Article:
0
Votes

2005 Looks Familiar

What's old is new for 2005. Many of the biggest events next year will be evolutions and completions of things started before January. Development in all forms will top the list of things to watch for. Whether it's parks or buildings, how the community uses the land it has available will be paramount in the coming year.

One of the biggest changes that will be apparent in downtown McLean will be the opening of the Palladium Building. During construction it has dominated the skyline. After opening, it may well serve as a cultural hub and artist destination for miles around. Waterford Development Corp. began construction of the mid-rise building last year. It has 12,5000 square feet of retail space and 10,000 square feet of office space in addition to 69 condominiums. Prices for the exclusive condos range from $900,000 to $1.5 million.

What is likely to draw the greater community to the Palladium is the outdoor performing-arts park, with its flowing water sculpture. Waterford officials have promised to hold two cultural events a month at the Palladium. District supervisor Joan DuBois said, "I think that's going to be great, it's going to be great for McLean, great for downtown, and great for the people who live here." Given McLean's few options for this type of entertainment, locals are eagerly awaiting the opportunity to find entertainment in their own back yard.

MCLEAN ITSELF will continue to undergo a facelift as part of the revitalization project started several years ago. The object of the revitalization, under the auspices of the McLean Revitalization Corp. (MRC), is to make the town more attractive and more pedestrian friendly.

Jack Wilbern, who recently stepped down from MRC, said that in the next year, benches, trash cans and planters will begin cropping up around McLean, thanks to a $50,000 county stipend.

Dan DuVal, with the McLean Citizens Association (MCA), is working to underground the utilities in town to make McLean more aesthetically pleasing. "Our hope is that construction will begin in 2005. Hopefully [it won't be] a whole lot more than six months," said DuVal.

MCA and the Greater McLean Chamber of Commerce are also making a push for business owners to increase their landscaping around storefronts.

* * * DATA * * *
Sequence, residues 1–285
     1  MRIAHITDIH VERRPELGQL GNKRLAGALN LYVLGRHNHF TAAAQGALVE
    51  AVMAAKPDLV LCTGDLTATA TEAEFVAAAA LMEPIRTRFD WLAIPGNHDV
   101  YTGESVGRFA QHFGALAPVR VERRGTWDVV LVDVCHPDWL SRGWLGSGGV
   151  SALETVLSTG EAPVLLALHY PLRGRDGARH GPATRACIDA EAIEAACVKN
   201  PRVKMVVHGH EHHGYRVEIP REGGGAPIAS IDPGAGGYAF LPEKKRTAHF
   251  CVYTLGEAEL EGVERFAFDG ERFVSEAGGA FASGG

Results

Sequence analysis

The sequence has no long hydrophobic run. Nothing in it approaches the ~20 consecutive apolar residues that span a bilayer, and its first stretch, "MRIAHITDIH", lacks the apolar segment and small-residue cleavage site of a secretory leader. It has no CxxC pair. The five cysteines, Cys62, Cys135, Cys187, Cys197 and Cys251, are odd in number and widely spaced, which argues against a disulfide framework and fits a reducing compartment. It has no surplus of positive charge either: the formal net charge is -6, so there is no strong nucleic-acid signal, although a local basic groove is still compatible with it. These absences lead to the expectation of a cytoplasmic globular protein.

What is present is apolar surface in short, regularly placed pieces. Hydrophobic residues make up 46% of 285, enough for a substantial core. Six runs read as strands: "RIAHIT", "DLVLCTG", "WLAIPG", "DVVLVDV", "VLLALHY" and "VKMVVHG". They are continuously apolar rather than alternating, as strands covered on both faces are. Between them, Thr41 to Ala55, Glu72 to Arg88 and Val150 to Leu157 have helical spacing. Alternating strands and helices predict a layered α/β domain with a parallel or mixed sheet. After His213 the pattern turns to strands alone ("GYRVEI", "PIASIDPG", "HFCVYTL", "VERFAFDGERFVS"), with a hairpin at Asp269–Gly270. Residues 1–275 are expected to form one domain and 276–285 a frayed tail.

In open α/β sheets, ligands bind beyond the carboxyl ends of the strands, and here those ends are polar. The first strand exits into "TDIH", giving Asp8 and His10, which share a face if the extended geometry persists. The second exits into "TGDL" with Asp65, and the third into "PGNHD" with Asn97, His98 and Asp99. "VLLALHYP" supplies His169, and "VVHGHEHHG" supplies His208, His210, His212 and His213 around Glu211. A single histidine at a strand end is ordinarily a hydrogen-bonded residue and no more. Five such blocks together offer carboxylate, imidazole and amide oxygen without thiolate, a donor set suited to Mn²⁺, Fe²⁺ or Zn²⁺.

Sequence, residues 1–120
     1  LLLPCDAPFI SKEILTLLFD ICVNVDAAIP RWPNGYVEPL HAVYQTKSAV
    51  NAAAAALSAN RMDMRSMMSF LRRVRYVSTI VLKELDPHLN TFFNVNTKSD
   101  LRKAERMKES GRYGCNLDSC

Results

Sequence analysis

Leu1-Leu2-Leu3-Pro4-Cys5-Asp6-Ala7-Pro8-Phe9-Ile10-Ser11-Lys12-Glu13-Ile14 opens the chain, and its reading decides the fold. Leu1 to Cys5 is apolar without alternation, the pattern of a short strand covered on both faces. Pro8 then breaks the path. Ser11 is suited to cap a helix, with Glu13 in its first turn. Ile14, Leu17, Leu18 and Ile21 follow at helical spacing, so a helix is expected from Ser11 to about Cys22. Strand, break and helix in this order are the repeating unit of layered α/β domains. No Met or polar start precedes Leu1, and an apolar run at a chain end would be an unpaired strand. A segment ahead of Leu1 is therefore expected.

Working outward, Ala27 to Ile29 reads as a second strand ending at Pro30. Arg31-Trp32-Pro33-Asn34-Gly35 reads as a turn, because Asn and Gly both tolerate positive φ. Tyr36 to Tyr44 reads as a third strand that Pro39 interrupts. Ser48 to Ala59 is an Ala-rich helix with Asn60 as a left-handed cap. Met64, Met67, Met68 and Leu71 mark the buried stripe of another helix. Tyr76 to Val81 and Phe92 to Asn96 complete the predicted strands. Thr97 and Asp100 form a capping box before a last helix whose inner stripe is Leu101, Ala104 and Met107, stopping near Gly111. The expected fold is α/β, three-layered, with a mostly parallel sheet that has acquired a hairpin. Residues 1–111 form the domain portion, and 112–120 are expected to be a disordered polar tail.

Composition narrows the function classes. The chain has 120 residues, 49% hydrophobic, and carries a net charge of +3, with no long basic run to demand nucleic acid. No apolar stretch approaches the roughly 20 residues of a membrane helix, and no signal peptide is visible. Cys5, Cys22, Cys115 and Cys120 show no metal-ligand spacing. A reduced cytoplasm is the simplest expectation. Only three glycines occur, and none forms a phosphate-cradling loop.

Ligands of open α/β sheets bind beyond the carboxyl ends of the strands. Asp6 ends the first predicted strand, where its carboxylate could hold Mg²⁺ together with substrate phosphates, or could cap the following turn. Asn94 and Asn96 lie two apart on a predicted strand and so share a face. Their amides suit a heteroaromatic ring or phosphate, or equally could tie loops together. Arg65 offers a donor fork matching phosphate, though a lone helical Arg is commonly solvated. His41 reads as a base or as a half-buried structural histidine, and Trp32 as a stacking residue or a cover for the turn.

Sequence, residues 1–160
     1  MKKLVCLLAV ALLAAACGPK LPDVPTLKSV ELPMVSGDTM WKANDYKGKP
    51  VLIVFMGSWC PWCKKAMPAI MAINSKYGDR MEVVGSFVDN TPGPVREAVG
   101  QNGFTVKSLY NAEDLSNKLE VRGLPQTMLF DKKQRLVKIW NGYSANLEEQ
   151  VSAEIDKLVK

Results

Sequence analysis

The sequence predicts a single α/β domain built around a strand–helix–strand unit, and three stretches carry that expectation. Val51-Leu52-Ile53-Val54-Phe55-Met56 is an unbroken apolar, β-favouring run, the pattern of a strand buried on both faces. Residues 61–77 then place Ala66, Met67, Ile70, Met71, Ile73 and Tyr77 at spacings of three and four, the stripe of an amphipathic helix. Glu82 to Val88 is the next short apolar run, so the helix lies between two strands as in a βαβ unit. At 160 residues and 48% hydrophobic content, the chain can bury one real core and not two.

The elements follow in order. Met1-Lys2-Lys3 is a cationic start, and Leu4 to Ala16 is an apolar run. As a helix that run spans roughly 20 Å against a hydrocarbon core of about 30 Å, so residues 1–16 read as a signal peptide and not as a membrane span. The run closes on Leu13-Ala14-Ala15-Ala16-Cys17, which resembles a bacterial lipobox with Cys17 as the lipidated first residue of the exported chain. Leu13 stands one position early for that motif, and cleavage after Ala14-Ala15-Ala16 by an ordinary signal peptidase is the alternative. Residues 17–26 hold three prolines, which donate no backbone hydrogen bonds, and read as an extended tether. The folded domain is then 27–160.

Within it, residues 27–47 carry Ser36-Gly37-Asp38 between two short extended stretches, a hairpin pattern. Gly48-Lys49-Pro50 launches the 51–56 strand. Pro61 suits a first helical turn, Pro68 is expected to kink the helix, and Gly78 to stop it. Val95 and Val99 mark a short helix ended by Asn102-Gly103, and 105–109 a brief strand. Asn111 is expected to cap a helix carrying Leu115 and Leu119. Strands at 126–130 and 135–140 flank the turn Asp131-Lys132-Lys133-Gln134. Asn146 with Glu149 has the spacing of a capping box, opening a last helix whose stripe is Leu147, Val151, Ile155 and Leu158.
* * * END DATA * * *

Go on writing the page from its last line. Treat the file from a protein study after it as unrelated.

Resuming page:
DEVELOPMENT WILL BEGIN this year on Clemyjontri Park in McLean. Because it will be the county's only fully accessible playground and park, it should be well-reported in the coming months. Some of McLean's most high-power residents, like the current Lord and Lady Fairfax, have joined forces with local government to ensure the park is well funded and able to go forward as soon as possible.

The 18-acre estate of Adele Lebowitz was donated for the park, with the caveat that it be constructed so that children with disabilities and without disabilities can play side by side. The centerpiece of Clemyjontri Park will be a carousel. The remaining acres are to be open space, trails and gardens for the public to enjoy.

Kevin Fay, with the Park Authority, has said that the park never would have been possible without the generous land donation. The price of land in Fairfax County has skyrocketed in recent years, with the cost of land in McLean some of the highest around. When the 2004 Park Bond was questioned by members of the MCA, Fay used Clemyjontri Park as leverage, knowing how important it is to the community. Fay told the board of MCA that if it voted against supporting the bond, and the bond were to ultimately fail; Clemyjontri would revert back to its owners, because the county would be unable to afford the property.

FAY CURRENTLY finds himself embroiled in debate over the fate of McLean High School Park. The 10-acre park is located between Davidson and Westmoreland roads, next to McLean High School. A handful of civic organizations have expressed fears that the county is looking to sell off the underutilized park to fund its acquisition and revitalization efforts in other parts of Fairfax County.

Fay, who was recently reappointed to the Park Authority by District supervisor Joan DuBois, said the land is "developable" but denies there are plans to sell it. Fay said recently, "Have I looked at that? Yes. Am I doing that? No."

SHOULD THE SALE OF SALONA to Fairfax County become a reality, expect there to be a loud and protracted outcry from the citizenry on how the land should be used. Salona consists of 44 acres that the DuVal Family has offered to the county under the condition that it be used as a park.

In Fairfax County, "park" means different things to different people. The Park Authority, in its recent needs-assessment analysis, concluded there is a shortage of athletic fields. The open space at Salona would certainly be attractive for that. However, not everyone in the community feels there is a shortage of fields for children to play sports. "There are a ton of fields around here. You can hardly turn a corner without seeing one. I don't think we should take a historic place like that and turn it into a soccer field," said resident Belinda Zwick.